BATMAN #21: THE BUTTON [Review]

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BATMAN #21: THE BUTTON/ Plotted by GEOFF JOHNS/ Written by TOM KING/ Art by JASON FABOK/ Colors by BRAD ANDERSON/ Letters by DERON BENNET/ Published by DC COMICS

Following DC Comics’ cataclysmic Flashpoint event, the New 52 wiped the slate clean, resetting DC’s heroes and villains to a confined timeline of five years. Marriages were dissolved, teams disbanded, characters de-aged, and others made non-existent. But as was revealed in DC Universe Rebirth #1 — the issue which kicked off this new initiative — all of that was just a symptom of some force stealing ten years away from the DC Universe. The identity of this all-powerful force remains a mystery except for a single clue — a bloodied smiley face button.

DC Universe Rebirth #1 only introduced this intriguing detail, seemingly implicating a character from the Watchmen comics — a property also owned by DC Comics, first created by Alan Moore and Dave Gibbons, but never officially made a part of the DC Universe. In this week’s Batman #21: The Button, the investigation into what this all means gets underway. Sort of.

Batman #21 — scripted by Tom King from a plot by Geoff Johns — sees Batman closely examining the mystery button, musing over its connection with the timeline disturbances. That connection, however, is barely touched on. Instead, the bulk of Batman #21 is devoted to a brutal and bloody brawl between him and Reverse-Flash — one of those characters made existent again thanks to Rebirth.

Their fight is thrilling, emotional, gripping, and impossible to separate from an earlier fight in Batman #21 — a hockey fight that breaks out in game seven of an intense series between the Gotham Blades and the Metropolis Mammoths. The hockey fight is a tease for the fistfight that becomes the real meat of the issue, but it also bears the only real Watchmen influence in the issue (apart from those nine-panel layouts). The hockey announcer asks, “Is this fun?” as the two players beat each other to a pulp, creating a mix of excitement and repulsion. Moore so often did this, too (and especially in Watchmen), reprimanding us for enjoying the violent entertainment he and his team were at the same time providing.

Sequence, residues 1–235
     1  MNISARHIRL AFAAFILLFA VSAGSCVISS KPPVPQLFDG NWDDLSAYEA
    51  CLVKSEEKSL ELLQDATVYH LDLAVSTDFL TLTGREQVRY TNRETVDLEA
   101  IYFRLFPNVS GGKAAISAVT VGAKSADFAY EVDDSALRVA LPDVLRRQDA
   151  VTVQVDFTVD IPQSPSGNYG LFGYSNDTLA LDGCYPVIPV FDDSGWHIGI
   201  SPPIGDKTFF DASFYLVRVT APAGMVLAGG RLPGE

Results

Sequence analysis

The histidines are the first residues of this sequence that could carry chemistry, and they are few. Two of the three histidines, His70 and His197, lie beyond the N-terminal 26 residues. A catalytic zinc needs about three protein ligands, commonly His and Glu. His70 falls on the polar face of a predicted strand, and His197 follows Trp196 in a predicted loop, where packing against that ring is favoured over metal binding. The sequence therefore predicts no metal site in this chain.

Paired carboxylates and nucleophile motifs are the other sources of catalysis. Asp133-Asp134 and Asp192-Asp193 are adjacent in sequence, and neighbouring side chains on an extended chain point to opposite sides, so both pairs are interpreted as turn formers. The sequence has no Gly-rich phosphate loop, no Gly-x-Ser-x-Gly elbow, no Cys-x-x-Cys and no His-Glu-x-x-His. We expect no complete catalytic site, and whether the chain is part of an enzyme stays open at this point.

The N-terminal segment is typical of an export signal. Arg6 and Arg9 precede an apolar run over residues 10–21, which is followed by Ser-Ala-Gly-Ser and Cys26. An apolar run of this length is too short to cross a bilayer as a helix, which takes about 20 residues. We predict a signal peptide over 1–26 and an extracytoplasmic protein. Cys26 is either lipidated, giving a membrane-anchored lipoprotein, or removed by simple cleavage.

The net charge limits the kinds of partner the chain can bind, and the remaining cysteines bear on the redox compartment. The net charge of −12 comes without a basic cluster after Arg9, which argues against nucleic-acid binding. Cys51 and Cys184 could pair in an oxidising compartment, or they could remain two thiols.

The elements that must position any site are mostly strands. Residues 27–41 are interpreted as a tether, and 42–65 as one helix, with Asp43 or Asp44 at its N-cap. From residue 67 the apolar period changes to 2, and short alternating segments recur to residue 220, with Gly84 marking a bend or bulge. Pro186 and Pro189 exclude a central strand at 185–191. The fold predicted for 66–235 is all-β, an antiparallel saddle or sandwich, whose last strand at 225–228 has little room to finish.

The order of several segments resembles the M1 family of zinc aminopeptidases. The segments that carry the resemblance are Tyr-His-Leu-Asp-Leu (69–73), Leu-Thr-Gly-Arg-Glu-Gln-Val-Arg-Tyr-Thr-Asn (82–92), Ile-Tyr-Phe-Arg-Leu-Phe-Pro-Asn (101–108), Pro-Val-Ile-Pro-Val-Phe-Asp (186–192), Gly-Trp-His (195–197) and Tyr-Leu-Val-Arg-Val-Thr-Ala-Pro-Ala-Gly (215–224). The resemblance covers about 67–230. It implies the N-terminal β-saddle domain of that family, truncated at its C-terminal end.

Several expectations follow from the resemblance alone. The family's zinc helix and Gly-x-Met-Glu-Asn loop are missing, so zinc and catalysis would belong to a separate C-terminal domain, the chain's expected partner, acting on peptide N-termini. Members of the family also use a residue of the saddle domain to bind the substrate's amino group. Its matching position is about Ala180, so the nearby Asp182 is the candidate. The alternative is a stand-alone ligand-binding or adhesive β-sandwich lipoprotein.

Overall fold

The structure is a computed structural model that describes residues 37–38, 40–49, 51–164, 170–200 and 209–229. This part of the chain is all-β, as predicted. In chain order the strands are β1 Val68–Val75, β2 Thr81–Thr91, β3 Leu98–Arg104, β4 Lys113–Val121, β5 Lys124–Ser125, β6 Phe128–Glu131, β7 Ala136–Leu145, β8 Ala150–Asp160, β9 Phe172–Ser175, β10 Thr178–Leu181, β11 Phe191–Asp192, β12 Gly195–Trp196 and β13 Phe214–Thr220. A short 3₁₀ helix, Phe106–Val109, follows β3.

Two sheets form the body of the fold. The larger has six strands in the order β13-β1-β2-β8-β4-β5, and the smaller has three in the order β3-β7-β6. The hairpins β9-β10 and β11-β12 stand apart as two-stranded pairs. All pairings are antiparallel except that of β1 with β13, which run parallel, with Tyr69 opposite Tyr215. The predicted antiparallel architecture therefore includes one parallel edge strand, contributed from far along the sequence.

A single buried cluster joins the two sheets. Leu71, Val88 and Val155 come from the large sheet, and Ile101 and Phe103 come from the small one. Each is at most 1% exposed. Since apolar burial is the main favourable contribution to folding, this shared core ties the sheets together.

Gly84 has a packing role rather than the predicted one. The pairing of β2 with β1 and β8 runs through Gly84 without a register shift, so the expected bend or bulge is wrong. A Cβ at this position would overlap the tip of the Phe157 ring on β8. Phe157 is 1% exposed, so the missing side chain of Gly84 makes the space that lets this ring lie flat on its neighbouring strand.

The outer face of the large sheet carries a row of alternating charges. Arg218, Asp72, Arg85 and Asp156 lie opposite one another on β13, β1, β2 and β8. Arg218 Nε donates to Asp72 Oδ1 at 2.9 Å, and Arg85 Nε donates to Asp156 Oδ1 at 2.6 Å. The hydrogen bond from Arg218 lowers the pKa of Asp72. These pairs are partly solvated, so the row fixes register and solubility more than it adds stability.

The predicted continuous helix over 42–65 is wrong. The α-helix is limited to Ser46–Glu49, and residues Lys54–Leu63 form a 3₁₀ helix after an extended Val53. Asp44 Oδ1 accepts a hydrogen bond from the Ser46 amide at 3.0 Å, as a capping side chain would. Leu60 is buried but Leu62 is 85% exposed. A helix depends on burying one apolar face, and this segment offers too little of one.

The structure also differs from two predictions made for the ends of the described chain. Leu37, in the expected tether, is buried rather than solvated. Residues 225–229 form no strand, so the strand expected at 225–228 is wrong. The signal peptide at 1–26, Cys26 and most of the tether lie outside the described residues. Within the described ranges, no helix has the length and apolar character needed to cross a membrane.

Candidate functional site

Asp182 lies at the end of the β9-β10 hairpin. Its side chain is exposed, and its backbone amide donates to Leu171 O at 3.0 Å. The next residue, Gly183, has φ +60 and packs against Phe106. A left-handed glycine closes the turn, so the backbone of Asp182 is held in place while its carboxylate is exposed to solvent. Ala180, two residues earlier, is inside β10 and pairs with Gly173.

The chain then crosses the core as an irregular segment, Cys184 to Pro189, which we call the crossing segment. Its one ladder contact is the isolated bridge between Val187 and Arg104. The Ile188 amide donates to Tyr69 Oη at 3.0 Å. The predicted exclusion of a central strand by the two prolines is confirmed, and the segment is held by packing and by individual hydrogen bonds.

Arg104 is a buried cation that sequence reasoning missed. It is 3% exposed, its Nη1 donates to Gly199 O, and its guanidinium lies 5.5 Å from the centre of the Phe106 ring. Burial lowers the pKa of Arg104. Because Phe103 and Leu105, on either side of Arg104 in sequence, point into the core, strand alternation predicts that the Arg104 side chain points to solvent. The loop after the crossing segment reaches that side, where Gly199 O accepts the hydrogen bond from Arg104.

It’s an interesting dichotomy to explore, but Batman #21 doesn’t really have the time or pages to do so. The purpose of this issue is to set up the following three, which for some, might be a letdown. The fight, though, is an epic one, and it ends in a way that raises the very questions we need to be asking if we’re ever to get to the bottom of this mystery. Who is responsible? Who is “God”, as Reverse-Flash calls them? Is it Dr. Manhattan, as so many have assumed?

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While the plot of Batman #21 doesn’t come with any answers, there is a beauty to the brutal work of Jason Fabok and Brad Anderson. Those nine-panel layouts are a chore, surely, but the work within them is worth it. The punches are visceral, the blood vibrant, and letterer Deron Bennet brings a real weight to the pummeling with his repeating of “ZPOW!” over and over. Even the final images of Batman #21‘s startling conclusion are striking, hinting ever more at Dr. Manhattan’s involvement through a touch of blue.

Those seeking answers should probably trade-wait this run, or at the very least wait for next week’s Flash, which might be more illuminating. Batman #21: The Button is a great tease for a story that may have enormous repercussions for the DC Universe, but it’s mostly just more teasing. Let’s get to that story.

About Sarah Moran

Sarah loves superheroes, science fiction, fairy tales, cartoons, cats, bike riding, and sunny skies. Her work can also be found at NerdBastards.com and ScreenRant.com. You can follow her heroic exploits on Twitter, @SarahThisIs.

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